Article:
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Important assumptions

We would point out that the most important inputs to a discounted cash flow are the discount rate and of course the actual cash flows. If you don't agree with these result, have a go at the calculation yourself and play with the assumptions. The DCF also does not consider the possible cyclicality of an industry, or a company's future capital requirements, so it does not give a full picture of a company's potential performance. Given that we are looking at First Majestic Silver as potential shareholders, the cost of equity is used as the discount rate, rather than the cost of capital (or weighted average cost of capital, WACC) which accounts for debt. In this calculation we've used 6.6%, which is based on a levered beta of 1.068. Beta is a measure of a stock's volatility, compared to the market as a whole. We get our beta from the industry average beta of globally comparable companies, with an imposed limit between 0.8 and 2.0, which is a reasonable range for a stable business.

Looking Ahead:

Whilst important, the DCF calculation shouldn't be the only metric you look at when researching a company. It's not possible to obtain a foolproof valuation with a DCF model. Instead the best use for a DCF model is to test certain assumptions and theories to see if they would lead to the company being undervalued or overvalued. If a company grows at a different rate, or if its cost of equity or risk free rate changes sharply, the output can look very different. Can we work out why the company is trading at a discount to intrinsic value? For First Majestic Silver, we've put together three pertinent factors you should look at:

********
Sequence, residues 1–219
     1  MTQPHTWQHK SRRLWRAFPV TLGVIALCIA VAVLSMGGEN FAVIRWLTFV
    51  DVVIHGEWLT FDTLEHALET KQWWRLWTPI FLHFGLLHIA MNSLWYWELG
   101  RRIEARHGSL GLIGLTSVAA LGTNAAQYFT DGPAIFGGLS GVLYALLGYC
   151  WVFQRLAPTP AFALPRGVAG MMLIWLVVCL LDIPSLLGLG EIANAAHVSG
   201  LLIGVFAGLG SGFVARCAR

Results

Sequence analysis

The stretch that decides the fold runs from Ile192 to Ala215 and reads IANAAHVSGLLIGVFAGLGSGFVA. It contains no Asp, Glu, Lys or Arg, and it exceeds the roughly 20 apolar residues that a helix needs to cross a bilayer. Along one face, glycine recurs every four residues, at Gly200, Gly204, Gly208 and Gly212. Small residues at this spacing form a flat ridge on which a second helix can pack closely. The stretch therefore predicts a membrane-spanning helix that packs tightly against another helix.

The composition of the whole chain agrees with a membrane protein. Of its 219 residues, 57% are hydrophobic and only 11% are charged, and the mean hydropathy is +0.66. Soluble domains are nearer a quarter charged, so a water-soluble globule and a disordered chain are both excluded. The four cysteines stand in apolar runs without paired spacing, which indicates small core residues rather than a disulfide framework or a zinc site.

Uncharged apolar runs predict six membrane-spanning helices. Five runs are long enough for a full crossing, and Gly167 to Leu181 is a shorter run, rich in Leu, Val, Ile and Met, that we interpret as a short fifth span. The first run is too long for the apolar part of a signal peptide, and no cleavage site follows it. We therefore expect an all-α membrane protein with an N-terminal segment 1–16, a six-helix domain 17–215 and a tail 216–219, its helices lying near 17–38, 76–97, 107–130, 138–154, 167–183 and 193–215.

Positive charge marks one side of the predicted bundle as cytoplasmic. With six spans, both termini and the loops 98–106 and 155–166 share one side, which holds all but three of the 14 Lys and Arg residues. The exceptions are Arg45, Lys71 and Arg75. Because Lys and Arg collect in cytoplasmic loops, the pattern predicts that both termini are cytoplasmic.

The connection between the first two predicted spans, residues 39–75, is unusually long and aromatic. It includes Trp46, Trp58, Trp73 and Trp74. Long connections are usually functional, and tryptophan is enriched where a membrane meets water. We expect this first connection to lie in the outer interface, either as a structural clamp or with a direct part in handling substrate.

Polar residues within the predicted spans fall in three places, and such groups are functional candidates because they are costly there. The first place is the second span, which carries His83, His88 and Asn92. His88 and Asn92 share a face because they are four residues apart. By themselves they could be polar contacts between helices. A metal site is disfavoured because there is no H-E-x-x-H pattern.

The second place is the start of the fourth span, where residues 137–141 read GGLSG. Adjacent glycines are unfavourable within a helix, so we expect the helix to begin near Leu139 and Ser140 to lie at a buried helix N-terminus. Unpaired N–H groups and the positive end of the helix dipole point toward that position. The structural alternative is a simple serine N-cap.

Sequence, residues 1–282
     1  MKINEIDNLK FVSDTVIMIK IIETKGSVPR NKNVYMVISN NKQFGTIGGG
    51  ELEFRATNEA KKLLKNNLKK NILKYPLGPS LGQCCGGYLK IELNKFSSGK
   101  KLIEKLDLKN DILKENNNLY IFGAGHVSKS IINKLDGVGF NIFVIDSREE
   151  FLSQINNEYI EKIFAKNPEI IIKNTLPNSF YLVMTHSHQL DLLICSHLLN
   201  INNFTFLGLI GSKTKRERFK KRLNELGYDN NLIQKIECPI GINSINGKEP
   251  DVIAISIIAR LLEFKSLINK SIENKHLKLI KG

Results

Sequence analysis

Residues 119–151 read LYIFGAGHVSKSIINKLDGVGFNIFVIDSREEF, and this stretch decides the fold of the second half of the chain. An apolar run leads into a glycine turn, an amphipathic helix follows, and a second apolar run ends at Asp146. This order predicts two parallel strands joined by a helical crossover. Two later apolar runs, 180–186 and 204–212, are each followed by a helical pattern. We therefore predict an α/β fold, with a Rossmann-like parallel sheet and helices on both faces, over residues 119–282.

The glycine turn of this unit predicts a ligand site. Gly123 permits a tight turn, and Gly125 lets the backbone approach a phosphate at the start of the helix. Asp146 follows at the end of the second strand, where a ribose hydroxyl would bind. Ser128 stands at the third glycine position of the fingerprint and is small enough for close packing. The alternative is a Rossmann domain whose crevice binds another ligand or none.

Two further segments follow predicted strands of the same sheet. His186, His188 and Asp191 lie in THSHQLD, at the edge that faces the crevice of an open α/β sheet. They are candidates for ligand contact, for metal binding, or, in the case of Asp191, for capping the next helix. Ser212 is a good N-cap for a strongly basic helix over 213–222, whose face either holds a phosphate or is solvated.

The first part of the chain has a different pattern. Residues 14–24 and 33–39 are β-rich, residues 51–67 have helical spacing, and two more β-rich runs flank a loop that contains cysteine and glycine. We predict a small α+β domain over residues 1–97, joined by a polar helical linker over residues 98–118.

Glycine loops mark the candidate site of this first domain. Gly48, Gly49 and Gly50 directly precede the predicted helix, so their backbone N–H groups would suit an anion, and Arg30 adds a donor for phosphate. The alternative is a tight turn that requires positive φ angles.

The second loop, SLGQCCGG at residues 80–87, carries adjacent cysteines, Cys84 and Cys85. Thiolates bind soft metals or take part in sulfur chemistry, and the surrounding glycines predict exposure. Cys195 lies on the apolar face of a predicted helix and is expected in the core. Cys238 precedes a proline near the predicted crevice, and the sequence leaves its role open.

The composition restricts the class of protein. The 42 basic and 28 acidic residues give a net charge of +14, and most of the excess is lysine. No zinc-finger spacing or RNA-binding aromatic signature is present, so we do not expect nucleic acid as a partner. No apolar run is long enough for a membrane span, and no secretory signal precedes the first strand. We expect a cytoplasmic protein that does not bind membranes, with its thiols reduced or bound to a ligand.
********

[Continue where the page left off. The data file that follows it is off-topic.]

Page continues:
1. Risks: We feel that you should assess the 3 warning signs for First Majestic Silver we've flagged before making an investment in the company.

  2. Management:Have insiders been ramping up their shares to take advantage of the market's sentiment for FR's future outlook? Check out our management and board analysis with insights on CEO compensation and governance factors.

  3. Other Solid Businesses: Low debt, high returns on equity and good past performance are fundamental to a strong business. Why not explore our interactive list of stocks with solid business fundamentals to see if there are other companies you may not have considered!

PS. Simply Wall St updates its DCF calculation for every Canadian stock every day, so if you want to find the intrinsic value of any other stock just search here.

This article by Simply Wall St is general in nature. It does not constitute a recommendation to buy or sell any stock, and does not take account of your objectives, or your financial situation. We aim to bring you long-term focused analysis driven by fundamental data. Note that our analysis may not factor in the latest price-sensitive company announcements or qualitative material. Simply Wall St has no position in any stocks mentioned.

Have feedback on this article? Concerned about the content? Get in touch with us directly. Alternatively, email editorial-team (at) simplywallst.com.

By Matt Earle

Matthew Earle is the Founder of MiningFeeds. In 2005, Matt founded MiningNerds.com to provide data and information to the mining investment community. This site was merged with Highgrade Review to form MiningFeeds. Matt has a B.Sc. degree with a minor in geology from the University of Toronto.